Interruption; the first concert of this year’s West End Micro Music Festival, happened last night at the season venue; Redeemer Lutheran Church on Bloor West.  It was a clarinet quintet concert with a twist or two that was illuminated for me by a chat with clarinettist Brad Cherwin after the show.

Sebastian Ostertag and Brad Cherwin_WEMMF

The starting point was how to present the Brahms Quintet in b, op. 115 without just pairing it with something obvious like the Mozart quintet.  The solution was ingenious, surprising and a bit disorienting (in a good way).  The movements of the quintet were split up and interleaved with other works.  (Cherwin and friends have form in this department!).  The concert began with Nico Muhly’s Slow Canons for two violins and electronic drone but with all five performers on stage so it was a seamless segue into the first movement of the Brahms.  Then there was more Brahms with parts of Nahre Sol’s Brahms Interludes worked in.  Brad explained this at the interval but didn’t give us any indication of exactly how the second half would go.


Nahre Sol

There was of course the rest of the quintet but now interspersed with excerpts from György Kurtág’s Signs, Games and Messages and some more Sol (I think).  It was fascinating to listen to.  There’s the high romanticism of the Brahms cut with three flavours of minimalism almost like sorbets between  heavier courses but presented seamlessly.  I think I actually enjoyed the Brahms (a composer to whom I’m a bit allergic) more because of this.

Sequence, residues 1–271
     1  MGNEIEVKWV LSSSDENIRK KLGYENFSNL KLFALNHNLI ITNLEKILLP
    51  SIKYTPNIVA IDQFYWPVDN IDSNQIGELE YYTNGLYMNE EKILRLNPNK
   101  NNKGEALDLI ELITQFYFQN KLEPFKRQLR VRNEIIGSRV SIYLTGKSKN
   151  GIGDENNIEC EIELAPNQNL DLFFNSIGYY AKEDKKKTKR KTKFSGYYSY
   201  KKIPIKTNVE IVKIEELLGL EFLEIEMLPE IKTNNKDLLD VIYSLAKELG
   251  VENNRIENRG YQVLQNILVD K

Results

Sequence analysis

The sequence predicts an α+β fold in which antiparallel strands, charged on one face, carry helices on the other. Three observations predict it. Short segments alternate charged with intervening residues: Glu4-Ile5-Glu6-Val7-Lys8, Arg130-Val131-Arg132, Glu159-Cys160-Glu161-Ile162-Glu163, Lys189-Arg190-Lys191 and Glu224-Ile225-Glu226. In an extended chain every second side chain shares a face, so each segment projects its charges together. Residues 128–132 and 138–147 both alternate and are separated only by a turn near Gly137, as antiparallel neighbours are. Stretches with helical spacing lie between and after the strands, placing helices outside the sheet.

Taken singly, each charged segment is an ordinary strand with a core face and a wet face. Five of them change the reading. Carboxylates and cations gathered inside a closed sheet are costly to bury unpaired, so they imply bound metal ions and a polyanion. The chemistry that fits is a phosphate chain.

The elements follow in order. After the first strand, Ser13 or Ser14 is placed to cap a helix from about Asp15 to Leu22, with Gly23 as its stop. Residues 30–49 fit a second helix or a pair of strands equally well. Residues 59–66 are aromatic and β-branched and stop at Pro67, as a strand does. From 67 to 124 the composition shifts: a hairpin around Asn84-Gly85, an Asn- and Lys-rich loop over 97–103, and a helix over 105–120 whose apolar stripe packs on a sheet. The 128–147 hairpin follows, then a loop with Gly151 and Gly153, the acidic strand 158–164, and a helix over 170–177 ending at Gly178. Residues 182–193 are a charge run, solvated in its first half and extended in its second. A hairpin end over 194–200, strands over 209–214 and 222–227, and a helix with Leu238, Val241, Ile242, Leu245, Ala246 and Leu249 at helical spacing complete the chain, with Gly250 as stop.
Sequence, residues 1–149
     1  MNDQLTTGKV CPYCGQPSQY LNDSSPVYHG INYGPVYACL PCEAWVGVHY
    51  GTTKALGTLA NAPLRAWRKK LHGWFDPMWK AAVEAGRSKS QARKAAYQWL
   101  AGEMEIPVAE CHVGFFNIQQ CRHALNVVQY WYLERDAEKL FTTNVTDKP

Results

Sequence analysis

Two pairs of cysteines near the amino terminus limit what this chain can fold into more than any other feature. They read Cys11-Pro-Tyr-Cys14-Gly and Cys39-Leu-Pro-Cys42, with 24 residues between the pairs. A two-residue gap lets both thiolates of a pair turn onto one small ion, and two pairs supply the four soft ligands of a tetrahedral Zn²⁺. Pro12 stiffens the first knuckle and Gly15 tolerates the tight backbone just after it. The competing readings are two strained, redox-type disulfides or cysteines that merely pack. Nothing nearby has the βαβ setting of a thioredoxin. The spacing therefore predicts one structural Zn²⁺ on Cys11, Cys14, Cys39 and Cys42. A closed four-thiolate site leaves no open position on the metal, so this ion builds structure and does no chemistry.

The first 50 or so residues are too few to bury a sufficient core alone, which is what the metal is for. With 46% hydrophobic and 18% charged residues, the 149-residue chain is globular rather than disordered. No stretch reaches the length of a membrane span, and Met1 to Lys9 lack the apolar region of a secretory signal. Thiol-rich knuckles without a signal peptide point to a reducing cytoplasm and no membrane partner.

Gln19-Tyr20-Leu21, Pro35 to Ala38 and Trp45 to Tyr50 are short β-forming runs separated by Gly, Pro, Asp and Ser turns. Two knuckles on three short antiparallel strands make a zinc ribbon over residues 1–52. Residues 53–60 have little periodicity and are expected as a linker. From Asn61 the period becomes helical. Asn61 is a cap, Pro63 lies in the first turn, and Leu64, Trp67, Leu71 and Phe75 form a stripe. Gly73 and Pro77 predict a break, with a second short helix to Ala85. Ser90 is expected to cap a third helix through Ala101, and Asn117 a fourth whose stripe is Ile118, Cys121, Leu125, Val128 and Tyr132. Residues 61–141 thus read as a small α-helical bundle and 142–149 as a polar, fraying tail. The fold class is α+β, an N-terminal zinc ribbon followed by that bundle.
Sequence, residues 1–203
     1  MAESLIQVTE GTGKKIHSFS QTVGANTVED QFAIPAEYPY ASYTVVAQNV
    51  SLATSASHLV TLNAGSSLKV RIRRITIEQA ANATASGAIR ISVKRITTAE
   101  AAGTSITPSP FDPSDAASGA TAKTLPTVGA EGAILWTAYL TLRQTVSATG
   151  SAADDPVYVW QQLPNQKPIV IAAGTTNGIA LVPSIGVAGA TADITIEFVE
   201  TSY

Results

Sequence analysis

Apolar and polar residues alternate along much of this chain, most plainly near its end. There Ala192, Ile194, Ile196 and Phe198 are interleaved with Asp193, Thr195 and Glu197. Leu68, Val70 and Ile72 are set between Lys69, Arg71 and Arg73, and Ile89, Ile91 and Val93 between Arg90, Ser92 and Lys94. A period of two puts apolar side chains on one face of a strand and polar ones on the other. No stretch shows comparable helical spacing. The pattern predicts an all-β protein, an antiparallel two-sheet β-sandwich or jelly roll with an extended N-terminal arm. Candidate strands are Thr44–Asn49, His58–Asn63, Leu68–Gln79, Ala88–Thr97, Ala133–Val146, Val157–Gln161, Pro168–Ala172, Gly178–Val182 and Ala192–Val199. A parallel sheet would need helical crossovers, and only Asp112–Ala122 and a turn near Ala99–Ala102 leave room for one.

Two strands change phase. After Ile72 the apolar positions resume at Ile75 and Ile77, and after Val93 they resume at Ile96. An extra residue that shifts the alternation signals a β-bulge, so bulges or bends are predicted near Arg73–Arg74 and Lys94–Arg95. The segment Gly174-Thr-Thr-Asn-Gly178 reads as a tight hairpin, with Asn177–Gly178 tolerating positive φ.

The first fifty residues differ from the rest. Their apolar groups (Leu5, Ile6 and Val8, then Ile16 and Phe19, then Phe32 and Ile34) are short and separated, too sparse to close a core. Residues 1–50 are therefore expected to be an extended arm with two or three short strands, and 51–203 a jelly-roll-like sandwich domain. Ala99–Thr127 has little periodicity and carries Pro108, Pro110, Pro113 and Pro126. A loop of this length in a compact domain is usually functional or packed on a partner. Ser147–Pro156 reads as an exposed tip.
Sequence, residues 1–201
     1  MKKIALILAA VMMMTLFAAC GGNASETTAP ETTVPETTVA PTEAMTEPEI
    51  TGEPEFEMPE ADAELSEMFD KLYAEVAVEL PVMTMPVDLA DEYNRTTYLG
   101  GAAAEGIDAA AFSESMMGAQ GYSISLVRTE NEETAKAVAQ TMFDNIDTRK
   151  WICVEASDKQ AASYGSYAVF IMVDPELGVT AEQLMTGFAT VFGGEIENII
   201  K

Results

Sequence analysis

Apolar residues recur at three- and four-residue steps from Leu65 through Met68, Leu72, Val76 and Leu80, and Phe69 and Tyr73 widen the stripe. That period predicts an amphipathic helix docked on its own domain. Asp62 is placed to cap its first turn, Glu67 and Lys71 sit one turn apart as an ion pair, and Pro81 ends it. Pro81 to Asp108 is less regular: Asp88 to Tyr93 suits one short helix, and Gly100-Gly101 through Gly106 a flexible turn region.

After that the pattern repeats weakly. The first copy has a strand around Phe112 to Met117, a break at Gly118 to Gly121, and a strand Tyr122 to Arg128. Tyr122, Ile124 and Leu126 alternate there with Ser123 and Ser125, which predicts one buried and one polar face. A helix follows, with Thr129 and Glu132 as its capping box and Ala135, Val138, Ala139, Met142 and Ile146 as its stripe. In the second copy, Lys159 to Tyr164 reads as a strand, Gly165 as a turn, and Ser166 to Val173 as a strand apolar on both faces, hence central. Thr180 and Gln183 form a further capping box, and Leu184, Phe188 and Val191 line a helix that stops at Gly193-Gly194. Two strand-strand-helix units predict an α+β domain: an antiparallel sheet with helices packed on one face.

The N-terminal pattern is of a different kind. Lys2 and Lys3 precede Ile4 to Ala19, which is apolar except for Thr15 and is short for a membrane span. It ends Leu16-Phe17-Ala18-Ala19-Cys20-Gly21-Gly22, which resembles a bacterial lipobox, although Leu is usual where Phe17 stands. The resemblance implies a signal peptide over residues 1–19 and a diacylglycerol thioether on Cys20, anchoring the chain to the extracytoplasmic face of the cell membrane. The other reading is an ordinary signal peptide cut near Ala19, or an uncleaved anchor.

Great performances too running the gamut from very sparse, very quiet through some contrapuntal pizzicato to the full blown and highly energetic Brahms.  Full marks to Amy Hillis and Eric Kim-Fujita on violins and Hee-Soo Yoon on viola as well, of course, to the festival leading lights Sebastian Ostertag on cello and Brad Cherwin on clarinet.  The experience was further enhanced by the evocative lighting design by Adam Geoff Harris.

There are three more concerts in this year’s festival (see here) and each promises a different way of presenting classical chamber music by combining with other kinds of musical forces or even other art forms.  Redeemer Lutheran is also a really nice, intimate, venue for this kind of music.


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